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On Eve of Water War, Alabama Sides With Florida Against Georgia

Alabama, not surprisingly, is throwing its legal weight behind Florida in an attempt to keep Georgia from using too much of the Chattahoochee River.

Alabama, not surprisingly, is throwing its legal weight behind Florida in an attempt to keep Georgia from using too much of the Chattahoochee River.

 

A trial is set to begin Monday — Halloween — in Portland, Maine to determine whether Georgia, metro Atlanta in particular, hogs the Chattahoochee and Flint rivers to the environmental and economic detriment of downstream Florida.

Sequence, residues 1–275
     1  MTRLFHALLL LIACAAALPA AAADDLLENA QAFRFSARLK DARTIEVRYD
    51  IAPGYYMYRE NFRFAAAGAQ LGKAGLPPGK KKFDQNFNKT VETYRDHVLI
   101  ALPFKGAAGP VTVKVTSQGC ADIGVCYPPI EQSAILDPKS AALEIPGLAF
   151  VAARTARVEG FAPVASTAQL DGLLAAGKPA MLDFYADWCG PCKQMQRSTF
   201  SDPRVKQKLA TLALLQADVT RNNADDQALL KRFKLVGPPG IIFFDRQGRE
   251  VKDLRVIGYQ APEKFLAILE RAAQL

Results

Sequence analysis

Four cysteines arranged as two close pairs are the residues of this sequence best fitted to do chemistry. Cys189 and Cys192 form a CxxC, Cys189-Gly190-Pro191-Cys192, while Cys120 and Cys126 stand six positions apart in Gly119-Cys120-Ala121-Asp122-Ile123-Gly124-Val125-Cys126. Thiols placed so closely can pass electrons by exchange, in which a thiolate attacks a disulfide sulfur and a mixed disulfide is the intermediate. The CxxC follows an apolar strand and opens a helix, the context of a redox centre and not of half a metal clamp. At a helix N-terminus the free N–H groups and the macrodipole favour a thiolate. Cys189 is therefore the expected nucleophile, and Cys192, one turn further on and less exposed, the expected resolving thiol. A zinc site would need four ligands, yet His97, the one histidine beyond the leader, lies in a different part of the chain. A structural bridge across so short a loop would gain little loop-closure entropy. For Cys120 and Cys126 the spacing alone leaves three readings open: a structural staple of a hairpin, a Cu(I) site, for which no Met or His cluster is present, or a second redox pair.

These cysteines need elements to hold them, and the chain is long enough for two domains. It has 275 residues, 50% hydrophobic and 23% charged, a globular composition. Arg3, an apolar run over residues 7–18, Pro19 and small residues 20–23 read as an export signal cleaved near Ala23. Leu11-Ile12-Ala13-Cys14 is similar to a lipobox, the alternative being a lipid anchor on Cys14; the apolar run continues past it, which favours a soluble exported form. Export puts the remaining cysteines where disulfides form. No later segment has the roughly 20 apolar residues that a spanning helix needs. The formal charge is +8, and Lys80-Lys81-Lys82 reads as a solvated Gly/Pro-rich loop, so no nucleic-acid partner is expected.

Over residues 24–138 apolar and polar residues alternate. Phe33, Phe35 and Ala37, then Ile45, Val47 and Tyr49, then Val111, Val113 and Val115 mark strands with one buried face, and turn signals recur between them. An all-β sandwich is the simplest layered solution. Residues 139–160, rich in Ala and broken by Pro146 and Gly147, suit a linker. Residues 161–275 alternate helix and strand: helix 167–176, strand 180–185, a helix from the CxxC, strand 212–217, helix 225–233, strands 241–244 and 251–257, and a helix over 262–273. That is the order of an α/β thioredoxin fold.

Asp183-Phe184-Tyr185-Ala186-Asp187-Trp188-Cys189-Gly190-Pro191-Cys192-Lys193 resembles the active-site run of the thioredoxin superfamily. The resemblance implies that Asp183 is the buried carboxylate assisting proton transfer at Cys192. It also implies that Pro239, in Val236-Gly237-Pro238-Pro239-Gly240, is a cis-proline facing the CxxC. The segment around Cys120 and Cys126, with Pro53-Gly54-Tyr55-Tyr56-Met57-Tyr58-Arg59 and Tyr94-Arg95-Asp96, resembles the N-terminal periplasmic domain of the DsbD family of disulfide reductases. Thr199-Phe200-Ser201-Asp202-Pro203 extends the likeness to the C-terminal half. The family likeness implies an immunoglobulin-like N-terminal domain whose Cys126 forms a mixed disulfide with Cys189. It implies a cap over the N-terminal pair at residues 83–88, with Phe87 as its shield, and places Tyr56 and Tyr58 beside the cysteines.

In readying for the latest legal twist in the never-ending legal battle — 27 years long and running — Gov. Nathan Deal this week shifted another $2.5 million from his emergency fund to pay for lawyers. In all, Deal has set aside $24 million this year alone to fight Florida and, now, Alabama.

 

The U.S. Supreme Court agreed three years ago to hear Florida’s lawsuit which contends that Georgia does not allow an “equitable distribution” of the rivers. Alabama, a participant in earlier legal skirmishes in the so-called tri-state water war, filed a friend-of-the-court brief last week supporting Florida’s call for a cap on Georgia’s water use.

Caroline Cournoyer is GOVERNING's senior web editor.
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